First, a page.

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2 reviews »Doesn't seem to be quite as well-regarded in some quarters as Pod, but this is a great record just the same. When I was a teenager in the '90s, I used to get thoroughly pissed off with boring old farts who did nothing but bang on about how great music was in the '60s. Now I'm a boring old fart mysel ... »

  • LP £26.99
  • Pre-order: ships when released ?
  • Shipping cost: £3.15 ?
  • NormanPoints: 270 ?
  • CAD3014 / Reissue LP on 4AD

Pre-order. Due in on 18th May 2018 but delays are possible.

  • CD £4.99
  • Not in stock / Usually ships in 2-3 days ?
  • Shipping cost: £1.00 ?
  • NormanPoints: 50 ?
  • GAD3014CD / CD on 4AD

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REVIEWS

Last Splash by The Breeders
2 reviews. Add your own review.
12 people love this record. Be the 13th!

8/10 The Doc Customer review, 3rd June 2016

Doesn't seem to be quite as well-regarded in some quarters as Pod, but this is a great record just the same. When I was a teenager in the '90s, I used to get thoroughly pissed off with boring old farts who did nothing but bang on about how great music was in the '60s. Now I'm a boring old fart myself, I tend to bang on an awful lot about how great music was in the '90s. Cos it was, like. Deal with it.

Here's another terrific example of why, though. The Breeders were an excellent band, fronted by Kim Deal (and initially Tanya Donnelly too, a match made in bubble-grunge heaven) and trading primarily in dense, scuzzy pop tunes packed with filthy guitars, with Deal's trademark saccharine vocals on top. If you were to make a list of classic '90s alt rock records, this would have to be in there somewhere, as would Pod and both Belly records. Kim Deal is, and always has been, a total superstar to some of us, and records like this are the reason why.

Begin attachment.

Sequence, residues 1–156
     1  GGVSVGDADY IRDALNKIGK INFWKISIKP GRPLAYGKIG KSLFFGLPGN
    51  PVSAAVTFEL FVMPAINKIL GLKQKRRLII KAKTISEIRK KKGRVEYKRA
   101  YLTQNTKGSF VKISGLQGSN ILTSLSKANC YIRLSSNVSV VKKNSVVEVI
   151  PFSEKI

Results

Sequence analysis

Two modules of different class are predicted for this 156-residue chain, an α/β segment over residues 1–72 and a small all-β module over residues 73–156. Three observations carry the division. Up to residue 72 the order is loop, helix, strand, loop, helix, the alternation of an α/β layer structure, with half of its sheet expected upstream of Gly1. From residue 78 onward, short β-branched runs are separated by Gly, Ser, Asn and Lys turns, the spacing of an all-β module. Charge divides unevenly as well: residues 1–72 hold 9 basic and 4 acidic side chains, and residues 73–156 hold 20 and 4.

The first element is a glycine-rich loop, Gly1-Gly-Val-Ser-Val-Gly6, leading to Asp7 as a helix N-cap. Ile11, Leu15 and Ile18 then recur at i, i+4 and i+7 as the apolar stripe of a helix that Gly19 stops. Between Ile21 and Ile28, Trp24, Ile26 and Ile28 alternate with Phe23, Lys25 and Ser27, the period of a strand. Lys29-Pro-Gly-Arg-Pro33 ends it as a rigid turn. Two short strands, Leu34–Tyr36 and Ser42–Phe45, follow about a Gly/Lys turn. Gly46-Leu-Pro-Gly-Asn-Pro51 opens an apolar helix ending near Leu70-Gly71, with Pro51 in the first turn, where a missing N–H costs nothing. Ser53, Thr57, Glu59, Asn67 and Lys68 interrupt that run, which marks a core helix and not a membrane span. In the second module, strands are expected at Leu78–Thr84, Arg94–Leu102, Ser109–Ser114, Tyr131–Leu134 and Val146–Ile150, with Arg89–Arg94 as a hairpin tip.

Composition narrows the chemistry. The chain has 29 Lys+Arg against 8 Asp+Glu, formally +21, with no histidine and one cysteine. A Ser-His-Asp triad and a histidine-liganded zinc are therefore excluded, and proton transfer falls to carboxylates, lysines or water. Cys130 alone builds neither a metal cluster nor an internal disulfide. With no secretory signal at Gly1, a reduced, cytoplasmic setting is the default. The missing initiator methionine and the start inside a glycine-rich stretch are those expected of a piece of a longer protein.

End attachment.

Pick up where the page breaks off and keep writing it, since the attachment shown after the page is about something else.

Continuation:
8/10 Penrith Steve Customer review, 26th October 2014

The Breeders first album since the departure of Tanya Donnelly who left to form Belly, opens with the slow, plodding, grungy riff of “New Year” then the song begins to rock, getting us ready for the next track - the mega indie disco floor-filling masterpiece that is “Cannonball” which is without doubt their best song. The creepy, stalker-ish “Do You Love Me Now?” is superb, although there is a better version on the b-side of the “Divine Hammer” single with J Mascis joining Kim Deal on vocals. The punchy “I Just Want To Get Along” and “Saints” are other outstanding highlights. “Drivin’ on 9” is a pleasant, country-ish song which wraps things up nicely. This and its predecessor, “Pod” are their best albums.


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